Enhanced learning through teaching during COVID Pandemic: MSN Student Brandi Pruitt

Brandi Pruitt

Brandi Pruitt

Four MSN Education students assisted Loewenberg College of Nursing full-time faculty during the COVID-19 Pandemic, providing virtual learning support and instruction to students. 

Brandi Pruitt, who graduated in May 2020, helped Dr. Brad Harrell and Professor Kerri Wilson in the Adult Common Health Alterations course by creating an enhanced and interactive online asynchronous oncology self-study module. Designed to promote student learning, the module included a case study that was woven into an interactive PowerPoint presentation, as well as a pre-test and a post-test.

“With the transition to virtual learning, they both expressed the need for a more interactive self-study module that focused on general oncology topics for the students in the course,” Pruitt said.

Within the PowerPoint, students click on various images or words that are linked to a slide with further information or explanation on a specific topic. The interwoven case student allowed students to apply the knowledge they learned along the way.

Pruitt also helped develop a virtual intravenous push and intravenous piggyback (secondary infusion) competency checkoff for students in the Common Health Alterations Practicum. She created handouts with a pictorial supply list along with a separate handout with pictures of medication vials and labels. A brief patient scenario was included with the handouts.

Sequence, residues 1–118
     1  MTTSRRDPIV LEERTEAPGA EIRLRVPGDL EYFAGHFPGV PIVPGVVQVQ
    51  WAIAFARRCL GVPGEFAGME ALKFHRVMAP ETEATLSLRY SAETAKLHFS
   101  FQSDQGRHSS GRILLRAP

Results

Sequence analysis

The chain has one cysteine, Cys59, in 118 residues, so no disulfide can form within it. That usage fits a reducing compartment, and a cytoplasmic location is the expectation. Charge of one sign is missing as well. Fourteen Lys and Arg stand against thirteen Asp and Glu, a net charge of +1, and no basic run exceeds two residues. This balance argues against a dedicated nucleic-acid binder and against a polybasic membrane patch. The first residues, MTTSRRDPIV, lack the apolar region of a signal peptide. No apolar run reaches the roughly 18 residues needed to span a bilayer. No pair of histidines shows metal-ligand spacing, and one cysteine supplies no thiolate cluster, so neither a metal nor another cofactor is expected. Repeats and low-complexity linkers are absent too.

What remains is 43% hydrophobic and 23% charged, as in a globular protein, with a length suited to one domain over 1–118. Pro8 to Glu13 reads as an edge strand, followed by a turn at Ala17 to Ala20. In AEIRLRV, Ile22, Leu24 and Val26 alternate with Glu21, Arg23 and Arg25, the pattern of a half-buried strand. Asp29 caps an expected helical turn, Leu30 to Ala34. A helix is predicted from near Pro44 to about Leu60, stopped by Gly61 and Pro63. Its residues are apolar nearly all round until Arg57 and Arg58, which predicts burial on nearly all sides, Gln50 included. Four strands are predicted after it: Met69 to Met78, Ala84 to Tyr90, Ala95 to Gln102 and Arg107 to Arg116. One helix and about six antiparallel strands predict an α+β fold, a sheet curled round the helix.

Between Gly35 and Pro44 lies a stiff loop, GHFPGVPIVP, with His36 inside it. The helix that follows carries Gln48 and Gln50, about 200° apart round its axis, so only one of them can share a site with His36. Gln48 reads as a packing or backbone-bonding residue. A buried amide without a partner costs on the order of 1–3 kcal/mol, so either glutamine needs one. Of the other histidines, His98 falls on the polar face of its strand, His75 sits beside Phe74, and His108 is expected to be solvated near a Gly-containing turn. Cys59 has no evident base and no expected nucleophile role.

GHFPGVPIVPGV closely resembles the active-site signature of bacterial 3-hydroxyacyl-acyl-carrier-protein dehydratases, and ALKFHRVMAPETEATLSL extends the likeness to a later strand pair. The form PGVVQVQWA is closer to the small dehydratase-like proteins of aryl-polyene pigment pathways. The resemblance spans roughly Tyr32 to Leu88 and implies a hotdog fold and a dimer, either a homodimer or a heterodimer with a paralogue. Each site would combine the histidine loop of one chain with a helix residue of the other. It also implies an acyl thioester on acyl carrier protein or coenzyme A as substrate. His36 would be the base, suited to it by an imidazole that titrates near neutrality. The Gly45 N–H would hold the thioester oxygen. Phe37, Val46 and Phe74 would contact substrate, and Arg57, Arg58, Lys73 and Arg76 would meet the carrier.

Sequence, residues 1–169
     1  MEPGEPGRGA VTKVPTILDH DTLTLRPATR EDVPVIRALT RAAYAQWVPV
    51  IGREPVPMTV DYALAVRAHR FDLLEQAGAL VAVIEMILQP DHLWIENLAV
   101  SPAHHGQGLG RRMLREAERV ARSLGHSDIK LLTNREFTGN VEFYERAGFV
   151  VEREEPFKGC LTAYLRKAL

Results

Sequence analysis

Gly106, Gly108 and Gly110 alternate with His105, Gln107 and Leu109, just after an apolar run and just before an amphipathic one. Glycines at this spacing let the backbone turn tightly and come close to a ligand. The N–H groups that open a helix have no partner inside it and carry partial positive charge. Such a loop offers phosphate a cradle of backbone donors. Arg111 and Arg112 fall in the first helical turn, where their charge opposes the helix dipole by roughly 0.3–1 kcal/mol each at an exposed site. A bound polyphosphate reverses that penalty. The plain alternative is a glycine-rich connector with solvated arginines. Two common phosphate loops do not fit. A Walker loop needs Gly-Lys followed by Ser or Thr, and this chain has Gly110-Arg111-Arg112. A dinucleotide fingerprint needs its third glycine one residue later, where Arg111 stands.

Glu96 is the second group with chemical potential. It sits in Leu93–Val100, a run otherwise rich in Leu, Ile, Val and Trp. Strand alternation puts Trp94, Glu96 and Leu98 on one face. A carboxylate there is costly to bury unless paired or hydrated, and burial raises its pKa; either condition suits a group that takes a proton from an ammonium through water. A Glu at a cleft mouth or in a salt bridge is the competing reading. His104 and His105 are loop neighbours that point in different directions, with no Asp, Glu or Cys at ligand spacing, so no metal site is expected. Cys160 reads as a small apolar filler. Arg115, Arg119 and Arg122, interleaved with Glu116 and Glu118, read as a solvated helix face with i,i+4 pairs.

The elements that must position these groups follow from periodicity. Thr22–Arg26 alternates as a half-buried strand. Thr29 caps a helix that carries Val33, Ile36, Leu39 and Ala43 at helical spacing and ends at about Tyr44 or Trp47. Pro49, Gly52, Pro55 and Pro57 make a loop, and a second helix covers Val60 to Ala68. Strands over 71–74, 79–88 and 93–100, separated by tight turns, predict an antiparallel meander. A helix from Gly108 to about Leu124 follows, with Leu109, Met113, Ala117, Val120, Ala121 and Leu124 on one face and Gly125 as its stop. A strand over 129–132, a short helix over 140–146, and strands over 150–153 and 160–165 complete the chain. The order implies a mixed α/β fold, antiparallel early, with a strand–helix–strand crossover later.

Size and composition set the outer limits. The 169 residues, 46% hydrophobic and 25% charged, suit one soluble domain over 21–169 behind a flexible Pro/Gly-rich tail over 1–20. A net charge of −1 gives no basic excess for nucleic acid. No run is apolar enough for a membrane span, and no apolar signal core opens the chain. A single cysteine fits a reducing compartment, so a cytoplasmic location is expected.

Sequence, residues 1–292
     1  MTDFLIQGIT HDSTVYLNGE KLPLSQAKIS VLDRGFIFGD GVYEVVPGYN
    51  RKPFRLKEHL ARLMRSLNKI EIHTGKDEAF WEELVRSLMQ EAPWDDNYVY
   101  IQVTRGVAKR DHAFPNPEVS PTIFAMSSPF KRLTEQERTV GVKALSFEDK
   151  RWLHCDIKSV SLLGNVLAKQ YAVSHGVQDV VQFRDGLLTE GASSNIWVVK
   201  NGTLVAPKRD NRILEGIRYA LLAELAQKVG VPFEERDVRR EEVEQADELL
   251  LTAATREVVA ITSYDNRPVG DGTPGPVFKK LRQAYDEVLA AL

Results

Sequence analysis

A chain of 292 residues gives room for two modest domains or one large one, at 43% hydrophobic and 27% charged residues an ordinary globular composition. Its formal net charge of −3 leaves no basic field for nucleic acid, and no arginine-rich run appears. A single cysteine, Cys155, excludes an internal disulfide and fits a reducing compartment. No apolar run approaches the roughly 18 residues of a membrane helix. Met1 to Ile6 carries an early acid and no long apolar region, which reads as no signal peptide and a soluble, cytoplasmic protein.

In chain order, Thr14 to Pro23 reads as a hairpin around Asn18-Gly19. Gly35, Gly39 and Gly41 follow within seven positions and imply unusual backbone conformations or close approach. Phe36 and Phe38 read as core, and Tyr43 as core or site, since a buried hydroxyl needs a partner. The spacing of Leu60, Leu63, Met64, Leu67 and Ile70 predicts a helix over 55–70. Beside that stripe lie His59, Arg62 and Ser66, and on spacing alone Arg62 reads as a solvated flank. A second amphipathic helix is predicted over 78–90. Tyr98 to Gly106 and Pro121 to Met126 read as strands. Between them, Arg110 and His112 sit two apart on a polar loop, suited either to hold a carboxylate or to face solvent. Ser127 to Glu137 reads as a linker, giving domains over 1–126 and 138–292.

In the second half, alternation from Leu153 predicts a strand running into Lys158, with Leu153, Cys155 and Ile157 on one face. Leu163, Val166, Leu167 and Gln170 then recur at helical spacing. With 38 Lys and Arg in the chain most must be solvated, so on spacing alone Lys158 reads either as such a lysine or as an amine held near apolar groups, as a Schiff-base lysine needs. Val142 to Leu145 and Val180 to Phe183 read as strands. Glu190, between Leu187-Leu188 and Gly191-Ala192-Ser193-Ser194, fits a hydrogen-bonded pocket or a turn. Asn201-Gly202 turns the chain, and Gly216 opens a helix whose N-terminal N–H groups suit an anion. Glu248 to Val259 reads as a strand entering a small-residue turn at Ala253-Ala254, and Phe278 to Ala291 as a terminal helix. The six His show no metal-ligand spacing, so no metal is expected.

She said instructors evaluated students via a one-on-one Zoom meeting. Pruitt and another graduate student, Melissa Young, created a demonstration video for the virtual competency checkoff using Loom for faculty members, showing them how to conduct the student-faculty interaction via Zoom.

“Although I hate that the pandemic occurred, the rising of the pandemic provided me with many learning opportunities that I would have otherwise not have gotten. I had many opportunities to achieve the objective of facilitating learning for students due to the COVID-19 pandemic and transition to virtual learning,” said Pruitt, who was in her last semester of graduate school, completing her nurse education practicum and working alongside a couple of seasoned nurse educators when the pandemic began.

“The semester wasn’t quite halfway over when it all started (the pandemic), which forced us to transition to complete virtual learning. I had the opportunity to see firsthand and participate in all of the obstacles, stress, tasks and demands to transition to virtual learning.”

She said that although the transition was not easy it was conquered. It required a lot of outside-of-the-box thinking and accommodation on the part of the faculty to ensure student success.

Pruitt concluded, “As an MSN student, it really opened my eyes to what all responsibilities nurse educators have and all of the numerous factors they have to take into consideration. I feel like throughout this experience, my education and career has been enhanced. As a nurse educator, if another pandemic were to occur, I feel like this experience has prepared me to tackle the tasks at hand.

Other students helping faculty during the pandemic included Alexandra Cook, Kirby Elliott and Sharon Hopper. Cook helped faculty with virtual clinical simulations and care plan grading. Elliott taught clinical group at Lambuth. Hopper taught clinical and simulation coursework for obstetric faculty on the Memphis campus.